A UNESCO World Heritage Site is any location throughout the world—whether a forest, desert, building or entire city—that has been granted an official designation by the UN agency for having ‘outstanding universal value.’ Its legacy goes back to 1954, when the organization launched a worldwide campaign to preserve the Abu Simbel and Philae temples in Egypt, which faced destruction from a planned dam project.
According to UNESCO’s official World Heritage list, there are currently 911 designated properties in 151 countries, 704 with cultural significance, 180 with natural significance and 27 mixed.
And this past weekend, Tajikistan became one of the newest members of the UNESCO World Heritage club, with the announcement of its first-ever location officially recognized by the UN body.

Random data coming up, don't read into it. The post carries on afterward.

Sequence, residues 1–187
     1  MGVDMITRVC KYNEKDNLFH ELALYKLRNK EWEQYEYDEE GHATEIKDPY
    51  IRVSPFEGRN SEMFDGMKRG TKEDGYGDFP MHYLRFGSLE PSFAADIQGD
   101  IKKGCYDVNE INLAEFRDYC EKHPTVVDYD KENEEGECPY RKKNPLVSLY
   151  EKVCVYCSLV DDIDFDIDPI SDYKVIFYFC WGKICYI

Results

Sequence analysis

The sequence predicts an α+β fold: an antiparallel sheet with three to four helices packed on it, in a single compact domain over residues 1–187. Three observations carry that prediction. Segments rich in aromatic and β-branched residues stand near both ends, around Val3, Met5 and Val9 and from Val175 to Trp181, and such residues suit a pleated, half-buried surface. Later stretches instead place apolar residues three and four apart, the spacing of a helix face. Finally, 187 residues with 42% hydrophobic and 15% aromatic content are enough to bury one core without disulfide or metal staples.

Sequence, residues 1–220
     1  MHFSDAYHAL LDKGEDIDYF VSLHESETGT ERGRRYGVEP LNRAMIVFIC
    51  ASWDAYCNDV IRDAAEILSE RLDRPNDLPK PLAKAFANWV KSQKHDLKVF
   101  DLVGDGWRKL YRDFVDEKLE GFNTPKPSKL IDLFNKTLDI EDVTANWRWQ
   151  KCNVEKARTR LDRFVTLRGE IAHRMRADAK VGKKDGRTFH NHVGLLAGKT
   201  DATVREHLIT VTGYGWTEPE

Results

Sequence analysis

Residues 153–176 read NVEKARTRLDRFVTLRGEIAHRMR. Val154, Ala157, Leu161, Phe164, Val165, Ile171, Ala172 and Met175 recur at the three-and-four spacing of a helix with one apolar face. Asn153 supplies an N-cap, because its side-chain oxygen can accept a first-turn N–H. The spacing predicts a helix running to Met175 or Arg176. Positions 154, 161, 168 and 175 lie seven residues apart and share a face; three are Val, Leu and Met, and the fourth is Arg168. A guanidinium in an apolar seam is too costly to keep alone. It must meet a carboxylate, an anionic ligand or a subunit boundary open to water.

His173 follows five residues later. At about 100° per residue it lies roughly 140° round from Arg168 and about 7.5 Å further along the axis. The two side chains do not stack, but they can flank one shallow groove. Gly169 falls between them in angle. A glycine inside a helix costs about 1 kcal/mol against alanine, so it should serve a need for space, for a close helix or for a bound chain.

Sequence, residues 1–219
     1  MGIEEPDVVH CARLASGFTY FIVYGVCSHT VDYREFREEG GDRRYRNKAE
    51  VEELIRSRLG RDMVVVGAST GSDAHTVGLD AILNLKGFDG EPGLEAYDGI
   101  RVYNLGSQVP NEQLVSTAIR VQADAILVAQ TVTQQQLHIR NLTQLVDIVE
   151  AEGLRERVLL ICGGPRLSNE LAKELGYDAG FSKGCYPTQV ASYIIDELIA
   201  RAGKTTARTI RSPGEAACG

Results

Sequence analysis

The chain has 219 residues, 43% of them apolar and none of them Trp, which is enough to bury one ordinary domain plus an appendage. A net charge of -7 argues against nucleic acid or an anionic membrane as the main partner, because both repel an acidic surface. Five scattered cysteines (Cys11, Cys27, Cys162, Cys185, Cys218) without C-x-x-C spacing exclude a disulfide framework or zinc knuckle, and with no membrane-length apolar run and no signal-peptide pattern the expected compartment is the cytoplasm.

At the UNESCO annual committee held in Brazil through August 2, the country’s Proto-urban site of Sarazm, which houses ruins from one of the oldest human settlements in Central Asia, made this year’s cut.
There are a total of 21 new locations that have been chosen for 2010, among which 12 are from the Asia-Pacific region:
Australian Convict Sites (Australia)
Jantar Mantar astronomical observation site (India)
Bikini Atoll, Nuclear Test Site (Marshall Islands)
Historic Villages of Korea: Hahoe and Yangdong (South Korea)
Proto-Urban site of Sarazm (Tajikistan)
Imperial Citadel of Thang Long-Hanoi (Vietnam)
China Danxia (China)
Central Highlands of Sri Lanka (Sri Lanka)
Phoenix Islands Protected Area (Kiribati)
And, while most of us are likely familiar with some of the major sites, like the Taj Mahal or the Great Wall, there are far more Heritage Sites than many might think in some of Asia’s giants (for those that are interested, here’s a list of the top five in the Asia-Pacific):
1. China: 40
2. India: 27
3. Australia: 18
4. Japan: 14
5. Iran: 12